After ‘No-Mow May,’ Plantlife calls for gardeners to continue rewilding into Let it Bloom June and beyond. Even letting a small patch of lawn grow long is a welcome respite for wildlife.

Why is rewilding important?

As the adverse impacts of the climate crisis continue to increase, rewilding is an important tool in slowing the destruction.

The ecological benefits include:

The movement is a shift towards a more eco-centred way of building communities. Rewilding involves a change in mindset: away from the idea that humans are above ‘the ecosystem’ and towards the idea that we are part of it.

A swollen river rushing through woodland

Flooding in the town of Hebden Bridge, West Yorkshire, UK © Steve Morgan / Greenpeace

Rewilding the community

Rewilding improves community engagement with the land. Kirsty Mackay of Highlands Rewilding has coined the term ‘re-peopling.’ Re-peopling includes regenerative agriculture, but also community-led educational and recreational activities. Most of Rewild Britain’s vision is for “mosaics of nature-friendly land and marine uses — including farming, forestry and fishing.”

One of the Highlands Rewilding estates has gone from zero employees to 20. At Knepp Estate, visitors can wander the woodland paths and educational visits are encouraged.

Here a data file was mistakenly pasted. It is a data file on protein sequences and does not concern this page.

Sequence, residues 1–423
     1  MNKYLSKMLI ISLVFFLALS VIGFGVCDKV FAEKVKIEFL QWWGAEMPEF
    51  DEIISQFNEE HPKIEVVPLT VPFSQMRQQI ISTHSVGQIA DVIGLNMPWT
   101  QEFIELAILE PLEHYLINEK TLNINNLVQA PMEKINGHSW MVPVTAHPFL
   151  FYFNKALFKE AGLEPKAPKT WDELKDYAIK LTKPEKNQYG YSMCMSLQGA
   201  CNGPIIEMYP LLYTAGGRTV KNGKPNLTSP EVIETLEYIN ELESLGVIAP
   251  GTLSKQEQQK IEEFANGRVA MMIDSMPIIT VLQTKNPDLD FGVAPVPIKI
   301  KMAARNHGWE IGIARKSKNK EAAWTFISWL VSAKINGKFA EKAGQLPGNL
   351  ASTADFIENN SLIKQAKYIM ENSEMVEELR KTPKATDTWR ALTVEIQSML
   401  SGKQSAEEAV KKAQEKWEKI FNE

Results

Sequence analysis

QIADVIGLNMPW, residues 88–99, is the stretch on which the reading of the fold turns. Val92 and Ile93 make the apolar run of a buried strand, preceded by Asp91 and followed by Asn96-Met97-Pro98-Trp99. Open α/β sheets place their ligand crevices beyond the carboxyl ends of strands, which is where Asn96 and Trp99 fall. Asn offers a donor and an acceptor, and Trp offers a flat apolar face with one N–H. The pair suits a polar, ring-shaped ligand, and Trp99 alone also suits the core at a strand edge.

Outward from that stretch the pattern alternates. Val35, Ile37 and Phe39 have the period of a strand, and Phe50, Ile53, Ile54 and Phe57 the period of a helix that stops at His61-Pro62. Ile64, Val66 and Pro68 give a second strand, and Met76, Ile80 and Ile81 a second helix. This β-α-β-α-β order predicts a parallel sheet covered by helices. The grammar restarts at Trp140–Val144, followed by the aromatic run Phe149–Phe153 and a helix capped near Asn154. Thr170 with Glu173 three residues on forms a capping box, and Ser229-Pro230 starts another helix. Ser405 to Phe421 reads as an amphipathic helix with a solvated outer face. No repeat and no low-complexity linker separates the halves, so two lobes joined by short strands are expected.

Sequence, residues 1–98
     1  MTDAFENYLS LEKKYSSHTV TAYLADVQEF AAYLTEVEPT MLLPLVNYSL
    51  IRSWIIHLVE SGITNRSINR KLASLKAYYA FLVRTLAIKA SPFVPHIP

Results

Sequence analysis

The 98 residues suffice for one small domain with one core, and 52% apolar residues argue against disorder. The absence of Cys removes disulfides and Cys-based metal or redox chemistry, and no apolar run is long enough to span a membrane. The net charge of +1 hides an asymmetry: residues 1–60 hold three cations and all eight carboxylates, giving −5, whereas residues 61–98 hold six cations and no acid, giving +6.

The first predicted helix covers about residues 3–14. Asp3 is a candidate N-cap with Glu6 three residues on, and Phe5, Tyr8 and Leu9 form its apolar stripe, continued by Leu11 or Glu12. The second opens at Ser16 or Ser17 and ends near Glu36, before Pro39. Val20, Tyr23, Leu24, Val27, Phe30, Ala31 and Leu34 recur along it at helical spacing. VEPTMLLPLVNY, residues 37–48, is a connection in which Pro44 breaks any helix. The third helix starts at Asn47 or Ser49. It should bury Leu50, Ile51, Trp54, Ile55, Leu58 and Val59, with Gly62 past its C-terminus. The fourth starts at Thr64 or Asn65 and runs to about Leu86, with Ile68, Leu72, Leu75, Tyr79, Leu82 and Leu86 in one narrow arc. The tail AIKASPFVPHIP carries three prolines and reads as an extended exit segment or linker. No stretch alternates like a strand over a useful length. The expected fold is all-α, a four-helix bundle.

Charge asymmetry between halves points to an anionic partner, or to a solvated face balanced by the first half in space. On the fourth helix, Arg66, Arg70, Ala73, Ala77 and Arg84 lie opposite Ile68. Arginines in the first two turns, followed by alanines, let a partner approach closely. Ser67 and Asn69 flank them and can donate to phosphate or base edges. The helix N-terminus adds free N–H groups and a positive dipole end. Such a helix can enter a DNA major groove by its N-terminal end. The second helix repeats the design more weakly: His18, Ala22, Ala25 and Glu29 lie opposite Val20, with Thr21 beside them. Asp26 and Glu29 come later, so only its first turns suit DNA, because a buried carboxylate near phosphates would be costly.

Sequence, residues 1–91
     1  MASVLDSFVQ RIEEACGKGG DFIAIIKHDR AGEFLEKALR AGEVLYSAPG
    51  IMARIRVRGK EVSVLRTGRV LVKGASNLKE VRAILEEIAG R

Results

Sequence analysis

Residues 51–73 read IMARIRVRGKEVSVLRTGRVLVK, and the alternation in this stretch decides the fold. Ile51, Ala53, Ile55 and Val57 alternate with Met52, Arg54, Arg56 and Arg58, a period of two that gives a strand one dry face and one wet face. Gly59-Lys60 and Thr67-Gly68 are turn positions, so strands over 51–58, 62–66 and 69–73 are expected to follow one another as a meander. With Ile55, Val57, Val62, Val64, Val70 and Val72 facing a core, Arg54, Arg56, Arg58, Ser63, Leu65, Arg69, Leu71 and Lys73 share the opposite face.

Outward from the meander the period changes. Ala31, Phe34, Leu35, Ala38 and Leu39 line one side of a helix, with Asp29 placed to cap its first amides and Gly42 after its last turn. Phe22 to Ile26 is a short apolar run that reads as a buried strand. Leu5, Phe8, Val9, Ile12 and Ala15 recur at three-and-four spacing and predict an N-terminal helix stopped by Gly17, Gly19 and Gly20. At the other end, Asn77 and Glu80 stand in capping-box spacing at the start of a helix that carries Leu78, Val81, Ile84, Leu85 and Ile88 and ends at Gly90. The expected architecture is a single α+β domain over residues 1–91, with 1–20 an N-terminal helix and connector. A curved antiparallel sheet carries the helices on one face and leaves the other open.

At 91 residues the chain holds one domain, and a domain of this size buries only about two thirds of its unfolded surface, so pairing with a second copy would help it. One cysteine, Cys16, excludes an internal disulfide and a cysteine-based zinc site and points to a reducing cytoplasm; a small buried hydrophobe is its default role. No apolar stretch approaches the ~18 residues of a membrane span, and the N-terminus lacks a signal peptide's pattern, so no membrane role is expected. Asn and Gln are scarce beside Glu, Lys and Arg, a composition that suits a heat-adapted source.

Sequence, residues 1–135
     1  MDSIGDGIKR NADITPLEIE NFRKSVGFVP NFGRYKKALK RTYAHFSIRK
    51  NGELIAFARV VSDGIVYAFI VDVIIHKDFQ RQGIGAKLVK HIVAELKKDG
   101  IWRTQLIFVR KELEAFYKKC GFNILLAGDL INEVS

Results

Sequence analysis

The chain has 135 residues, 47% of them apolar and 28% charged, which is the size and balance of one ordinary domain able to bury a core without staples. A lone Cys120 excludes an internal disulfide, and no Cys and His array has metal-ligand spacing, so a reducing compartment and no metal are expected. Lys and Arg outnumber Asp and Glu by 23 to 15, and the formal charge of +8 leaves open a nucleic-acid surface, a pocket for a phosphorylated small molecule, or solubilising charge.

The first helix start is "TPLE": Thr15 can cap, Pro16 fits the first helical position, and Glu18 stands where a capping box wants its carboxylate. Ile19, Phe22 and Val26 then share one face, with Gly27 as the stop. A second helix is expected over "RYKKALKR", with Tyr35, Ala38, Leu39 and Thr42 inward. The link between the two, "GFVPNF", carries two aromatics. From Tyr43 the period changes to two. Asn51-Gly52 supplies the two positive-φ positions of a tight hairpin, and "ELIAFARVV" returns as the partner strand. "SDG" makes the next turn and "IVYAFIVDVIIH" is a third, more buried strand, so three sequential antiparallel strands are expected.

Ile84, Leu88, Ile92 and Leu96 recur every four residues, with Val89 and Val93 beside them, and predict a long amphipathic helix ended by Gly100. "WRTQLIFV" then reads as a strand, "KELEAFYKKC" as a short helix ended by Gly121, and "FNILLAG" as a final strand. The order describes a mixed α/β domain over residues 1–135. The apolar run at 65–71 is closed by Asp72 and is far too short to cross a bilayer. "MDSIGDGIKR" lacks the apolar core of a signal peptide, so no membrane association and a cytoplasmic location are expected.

At Langholm, the community owns the 2,000 hectare ‘backyard,’ and the managers make a point of employing local contractors.

The villages in the Solway catchment downstream of Langholm also have a reduced flood risk because of the work of the rewilding initiative.

A flooded river running through an old city in watery winter light

The swollen River Ouse in the city of York, North Yorkshire. The floods inundated large areas of York after Storm Eva hit the north of England. © Peter Caton / Greenpeace

Rewilding minds

In the age of eco anxiety, when 75% of adults in Great Britain are worried about the impact of climate change, rewilding can offer a sanctuary from the storm.

Getting out in nature is one of the best remedies for a busy mind. The community focus of rewilding projects means they are often open for walking, forest bathing, and animal spotting.

An adult carries a child on his shoulders. Sunlight shines through the trees in the background and illuminates the child's blonde hair.

If you have access to a garden or community space, participating in activities can improve emotional and mental wellbeing. Rewilding part of your space – even one as small as a pot of cornflowers on a balcony – can help you feel grounded and remember that small actions can make a difference.

Get involved

Inspired to rewild? Check out these tips for rewilding your space or joining existing rewilding movements.

What's next?